There are so many different kinds of marketing these days, one can barely keep up. After considering the popular ones such as digital marketing and social media marketing, as well as content marketing, location-based marketing (or Geolocation Marketing) is yet another important option to look at.
I have seen a lot of marketers do location-based marketing and not know that’s what they are involved in. Other times, marketers don’t know what they are missing out by not leveraging this approach.
Being one genre of marketing that can be extended to location-based digital marketing and even location-based social media marketing, here’s a complete guide to yet another hot conversion approach for your business.
What is Location-Based Marketing?
Location-based marketing (a.k.a. Geolocation Marketing), also commonly referred to as LBM, is a form of business promotion which takes advantage of a mobile phone user’s location to offer them relevant suggestions from businesses close to them.
The idea behind this model of advertisement is that customers are treated as a dynamic entity rather than a static one. Likewise, there is the requirement of the end user of this service (the customer) to opt-in to get such updates.
When that goes the right way, these customers are then given a suggestion of businesses that they could interact with based on the location their cell phones give off to the local service providers.
Principle of Operation
As mentioned above, Location based marketing or LBM is usually requiring of the end user to sign in (or opt in). The reason for this is because businesses will have to make use of a prospects’ location, which is considered an invasion of privacy if they (the prospects) have not authorised such.
In the case a prospect willingly agrees to opt-in, the process will usually involve them downloading/ authorizing an app. Note that the phrase ‘downloading an app’ as used here does not mean something elaborate.
There are a lot of web-apps with small sizes that the customer won’t even know they downloaded. This app asks for access to their location and then, adds such users to a geofencing service
- Geofencing – An automated service that triggers alerts when the user/ cell phone crosses certain geographic boundaries
Important Data in Location Based Marketing
If you are still sceptical about doing location-based marketing for your business, here are some statistics to get you through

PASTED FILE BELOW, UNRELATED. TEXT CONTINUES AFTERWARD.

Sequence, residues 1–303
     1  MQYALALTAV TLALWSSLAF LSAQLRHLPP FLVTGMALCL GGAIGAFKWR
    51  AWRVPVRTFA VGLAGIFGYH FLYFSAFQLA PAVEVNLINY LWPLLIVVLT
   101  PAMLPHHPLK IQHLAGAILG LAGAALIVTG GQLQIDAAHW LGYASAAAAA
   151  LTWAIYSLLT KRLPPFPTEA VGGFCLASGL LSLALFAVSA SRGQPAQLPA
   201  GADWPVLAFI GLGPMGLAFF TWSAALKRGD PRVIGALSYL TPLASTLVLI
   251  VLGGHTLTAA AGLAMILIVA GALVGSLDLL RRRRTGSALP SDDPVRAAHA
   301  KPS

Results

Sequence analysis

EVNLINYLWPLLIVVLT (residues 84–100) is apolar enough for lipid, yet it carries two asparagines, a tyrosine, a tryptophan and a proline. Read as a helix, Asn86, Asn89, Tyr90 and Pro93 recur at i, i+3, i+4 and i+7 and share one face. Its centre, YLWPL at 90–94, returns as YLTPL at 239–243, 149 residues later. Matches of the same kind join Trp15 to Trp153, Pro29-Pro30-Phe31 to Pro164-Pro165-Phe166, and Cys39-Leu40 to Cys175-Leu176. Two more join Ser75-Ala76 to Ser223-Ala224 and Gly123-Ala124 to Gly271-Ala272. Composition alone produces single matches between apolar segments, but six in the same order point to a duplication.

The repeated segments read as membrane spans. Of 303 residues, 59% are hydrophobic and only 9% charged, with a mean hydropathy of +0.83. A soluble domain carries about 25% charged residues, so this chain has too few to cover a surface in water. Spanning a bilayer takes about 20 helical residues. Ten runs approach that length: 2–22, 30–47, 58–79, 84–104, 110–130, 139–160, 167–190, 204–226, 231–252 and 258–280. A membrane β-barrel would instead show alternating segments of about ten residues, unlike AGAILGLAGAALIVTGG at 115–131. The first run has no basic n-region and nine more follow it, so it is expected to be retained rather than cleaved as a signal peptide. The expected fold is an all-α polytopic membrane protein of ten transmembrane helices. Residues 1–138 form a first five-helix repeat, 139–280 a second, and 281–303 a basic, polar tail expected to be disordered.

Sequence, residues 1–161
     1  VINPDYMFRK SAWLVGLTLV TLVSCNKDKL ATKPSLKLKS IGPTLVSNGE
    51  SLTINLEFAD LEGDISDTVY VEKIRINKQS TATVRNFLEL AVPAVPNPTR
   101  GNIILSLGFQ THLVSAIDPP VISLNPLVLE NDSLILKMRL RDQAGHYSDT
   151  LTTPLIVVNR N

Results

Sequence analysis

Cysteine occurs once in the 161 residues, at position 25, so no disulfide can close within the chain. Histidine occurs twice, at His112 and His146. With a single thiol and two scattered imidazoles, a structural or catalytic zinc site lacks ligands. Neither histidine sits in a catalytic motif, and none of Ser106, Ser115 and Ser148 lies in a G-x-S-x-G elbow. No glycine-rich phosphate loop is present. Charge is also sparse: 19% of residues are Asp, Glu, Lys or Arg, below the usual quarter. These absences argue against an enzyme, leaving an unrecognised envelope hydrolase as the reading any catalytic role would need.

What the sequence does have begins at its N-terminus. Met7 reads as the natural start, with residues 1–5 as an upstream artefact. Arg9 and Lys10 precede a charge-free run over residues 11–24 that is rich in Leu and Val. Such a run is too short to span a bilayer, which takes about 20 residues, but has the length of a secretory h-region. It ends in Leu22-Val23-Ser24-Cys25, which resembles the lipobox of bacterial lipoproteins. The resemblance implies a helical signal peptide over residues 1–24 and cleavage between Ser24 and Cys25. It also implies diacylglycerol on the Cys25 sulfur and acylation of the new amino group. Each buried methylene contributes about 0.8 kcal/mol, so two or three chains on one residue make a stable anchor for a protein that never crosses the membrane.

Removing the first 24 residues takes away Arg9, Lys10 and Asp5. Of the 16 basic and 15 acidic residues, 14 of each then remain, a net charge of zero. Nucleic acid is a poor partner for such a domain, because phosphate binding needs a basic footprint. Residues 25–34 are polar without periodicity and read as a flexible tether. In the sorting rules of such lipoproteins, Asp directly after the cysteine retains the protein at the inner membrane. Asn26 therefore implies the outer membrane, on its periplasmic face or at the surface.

- About 3 in 4 smartphone users will use their phone to get recommendations on location-based services (StatCounter)
- Brands are now seeing as much as 20% increase in engagement when they add location-based services to their business (MarketingGland)
- No less than 69% of Google searches now involve a location (MarketingGland)
- Local searches are growing 50% faster than mobile searches overall (SearchEngineLand)
- 69% of digital media time is spent on mobile (wiredSEO)
Location Based Marketing Strategies
If you are also looking to beef up your presence on the local scene with even more customers, you should look at some of the strategies below to get you started.
1. Blog Posts
You must have been hearing that having a blog is important for your business. What you might not know is how it is also important for your LBM.
Under the new Google updates to its search engines, the Alphabet-owned company has now made it easier to find companies in the local scene from search queries. That means you can, now more than ever, develop blog posts around your business with the location placed strategically in the content.
What that means is that of the 69% of searches that now involves a location, some of them will be directed towards your business. Some of them will lead to conversions in the end and done well, recurring sales
2. Use Directories
To increase your brand visibility, consider submitting your profile info to local directories or directories of a local chambers of commerce. If your area has got the traditional yellow pages, go for it.
It is easy to think the world has advanced to a very digital stage so much that people have now neglected paper information. You couldn’t be more wrong. Got local directories? Start researching how to get into them. These will strengthen your location based marketing.
3. Use Multiple Platforms
The advent of location based marketing was launched by the idea that was SMS. Today, with a ton of instant messaging (IM) apps on the software market, businesses can now do so much more.
For example, you can leverage Facebook and Instagram’s location services to target customers in your locale. That way, your ads and business promotions will not be all over the place but targeted to a specific audience.